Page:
MEDA Blog - Stories from the Field

Unlocking possibilities for dry season agriculture

Implementing Keyhole Gardens to Improve Food Security for Women in Ghana

When the tropical storms subside and the dust begins to gather, farmers in Ghana become concerned about how to sustain their gardens. With water scarce during the dry season, water retention becomes a challenge. MEDA targeted its keyhole garden project towards women because women produce 70% of Ghana’s food crops. As a result, they have a direct connection with expanding crop cultivation and providing their families with sufficient nutritional needs. Funded by the Bill & Melinda Gates Foundation, the project’s goal was to extend the growing season for female farmers.


Keyhole gardens earned their name because of their keyhole-like structure from a bird’s eye view. It is a raised garden that uses 16% less water to irrigate crops than a conventional garden. The garden is circular with access to the beds from depressions in the earth surrounding them. This makes the garden accessible to the most vulnerable populations such as individuals with HIV/AIDS and the elderly. At the center of the garden, a compost bin provides nutrients to the surrounding beds. Layers of straw (trap moisture), ash (potassium), rusted cans(iron), manure (nitrates) and topsoil produce a natural recycling system that is built from materials that are locally available and that are relatively inexpensive.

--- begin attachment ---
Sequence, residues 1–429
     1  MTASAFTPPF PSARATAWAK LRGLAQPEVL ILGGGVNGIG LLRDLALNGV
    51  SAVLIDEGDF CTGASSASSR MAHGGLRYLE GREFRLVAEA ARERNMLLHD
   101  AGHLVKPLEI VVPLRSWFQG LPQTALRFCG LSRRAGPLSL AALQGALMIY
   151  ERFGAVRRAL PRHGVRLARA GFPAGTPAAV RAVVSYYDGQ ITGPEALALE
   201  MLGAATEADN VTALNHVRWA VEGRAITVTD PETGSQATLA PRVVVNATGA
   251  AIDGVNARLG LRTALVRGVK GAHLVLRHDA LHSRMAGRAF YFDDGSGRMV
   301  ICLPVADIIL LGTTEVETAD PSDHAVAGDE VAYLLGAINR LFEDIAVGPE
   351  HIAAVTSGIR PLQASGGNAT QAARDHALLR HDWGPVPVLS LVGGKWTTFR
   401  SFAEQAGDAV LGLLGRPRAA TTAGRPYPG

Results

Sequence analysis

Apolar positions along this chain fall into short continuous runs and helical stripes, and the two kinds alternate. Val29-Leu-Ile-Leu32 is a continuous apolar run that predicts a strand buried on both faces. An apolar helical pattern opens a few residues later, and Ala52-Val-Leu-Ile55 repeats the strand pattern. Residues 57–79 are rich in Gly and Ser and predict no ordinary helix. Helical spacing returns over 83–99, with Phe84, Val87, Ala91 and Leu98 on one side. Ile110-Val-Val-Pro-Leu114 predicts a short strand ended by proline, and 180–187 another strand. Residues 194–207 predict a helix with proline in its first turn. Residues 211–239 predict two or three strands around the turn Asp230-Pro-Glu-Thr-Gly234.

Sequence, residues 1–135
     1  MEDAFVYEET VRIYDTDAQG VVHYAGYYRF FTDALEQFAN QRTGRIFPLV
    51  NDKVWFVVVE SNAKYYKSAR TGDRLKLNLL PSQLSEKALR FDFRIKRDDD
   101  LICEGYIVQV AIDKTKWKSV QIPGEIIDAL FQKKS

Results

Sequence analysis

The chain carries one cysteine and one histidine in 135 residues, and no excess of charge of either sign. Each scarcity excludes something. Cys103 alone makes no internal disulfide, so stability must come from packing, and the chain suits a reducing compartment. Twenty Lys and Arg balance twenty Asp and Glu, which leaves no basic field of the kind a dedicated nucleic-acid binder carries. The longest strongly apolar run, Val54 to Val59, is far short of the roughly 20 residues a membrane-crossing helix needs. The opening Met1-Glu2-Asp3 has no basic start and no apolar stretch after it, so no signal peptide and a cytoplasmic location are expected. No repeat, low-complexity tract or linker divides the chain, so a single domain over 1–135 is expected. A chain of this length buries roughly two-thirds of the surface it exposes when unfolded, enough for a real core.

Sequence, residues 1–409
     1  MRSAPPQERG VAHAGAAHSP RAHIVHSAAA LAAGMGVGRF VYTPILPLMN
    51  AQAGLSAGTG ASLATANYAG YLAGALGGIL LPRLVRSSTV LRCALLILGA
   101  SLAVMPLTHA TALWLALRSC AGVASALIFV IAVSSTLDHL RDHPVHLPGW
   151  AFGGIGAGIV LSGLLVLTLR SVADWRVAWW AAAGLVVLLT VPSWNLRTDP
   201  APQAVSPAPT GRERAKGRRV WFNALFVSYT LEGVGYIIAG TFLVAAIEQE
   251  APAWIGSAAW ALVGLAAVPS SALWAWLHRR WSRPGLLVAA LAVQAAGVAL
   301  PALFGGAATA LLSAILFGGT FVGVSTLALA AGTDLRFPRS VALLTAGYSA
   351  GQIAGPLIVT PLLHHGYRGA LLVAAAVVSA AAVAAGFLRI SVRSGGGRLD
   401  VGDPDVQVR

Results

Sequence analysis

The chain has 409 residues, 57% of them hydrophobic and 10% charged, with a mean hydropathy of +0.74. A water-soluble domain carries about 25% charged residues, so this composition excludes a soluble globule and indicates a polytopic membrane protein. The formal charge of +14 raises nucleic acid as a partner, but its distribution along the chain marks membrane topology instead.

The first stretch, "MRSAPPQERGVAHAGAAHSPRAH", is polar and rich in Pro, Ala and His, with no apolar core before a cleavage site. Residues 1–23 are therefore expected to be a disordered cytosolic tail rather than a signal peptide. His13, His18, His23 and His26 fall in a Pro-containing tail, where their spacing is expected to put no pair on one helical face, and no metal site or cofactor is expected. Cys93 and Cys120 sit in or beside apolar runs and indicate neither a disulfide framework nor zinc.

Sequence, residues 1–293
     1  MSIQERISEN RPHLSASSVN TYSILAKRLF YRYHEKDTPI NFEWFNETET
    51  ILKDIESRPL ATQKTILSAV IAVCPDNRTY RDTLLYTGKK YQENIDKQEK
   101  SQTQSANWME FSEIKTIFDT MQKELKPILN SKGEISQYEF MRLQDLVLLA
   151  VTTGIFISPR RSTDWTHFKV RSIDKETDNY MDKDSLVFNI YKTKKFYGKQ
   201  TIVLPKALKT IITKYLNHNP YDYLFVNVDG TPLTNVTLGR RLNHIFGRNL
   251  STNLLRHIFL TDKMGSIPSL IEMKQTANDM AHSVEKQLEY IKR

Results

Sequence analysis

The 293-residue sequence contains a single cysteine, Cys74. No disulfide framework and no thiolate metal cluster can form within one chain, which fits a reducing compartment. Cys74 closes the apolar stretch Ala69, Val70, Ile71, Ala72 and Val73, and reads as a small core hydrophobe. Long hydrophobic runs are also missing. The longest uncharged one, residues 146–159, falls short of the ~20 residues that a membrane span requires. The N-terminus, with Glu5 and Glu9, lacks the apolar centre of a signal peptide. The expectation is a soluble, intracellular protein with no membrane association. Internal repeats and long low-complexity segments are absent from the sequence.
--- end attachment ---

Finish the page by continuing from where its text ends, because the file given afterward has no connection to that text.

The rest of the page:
MEDA tested both ferrocement tanks (tanks meant to hold large quantities of water for storage) and keyhole gardens as two possible storage and irrigations systems to address the challenge of dry season planting. After an evaluation in February 2015, women reported that the ferrocement tanks worked well but were not financially feasible for families in a rural setting. Instead of using expensive ferrocement tanks, MEDA suggested that women buy cheaper, more accessible water barrels to catch rain. Keyhole gardens provide cost-effective progress in the hunt for sustainable agriculture during the dry season. Research on the project has shown increased marital harmony, improved household nutrition, and improved payment of school fees as a result of key hole gardening. Not only are the women who are planting keyhole gardens extending the growing season, they are also extending the possibilities of education, nutrition, and income.

At the start of the project, about 15 households were using keyhole gardens. That number has increased to over 300 families due to the overwhelming success of the project. Women are finding the gardens easy to use and affordable. In addition, gardening locally saves time travelling to and from the market. Recent focus on dry season farming has increased dietary diversity and food security as well as provided improved nutrition and a more stable income for women throughout the year.

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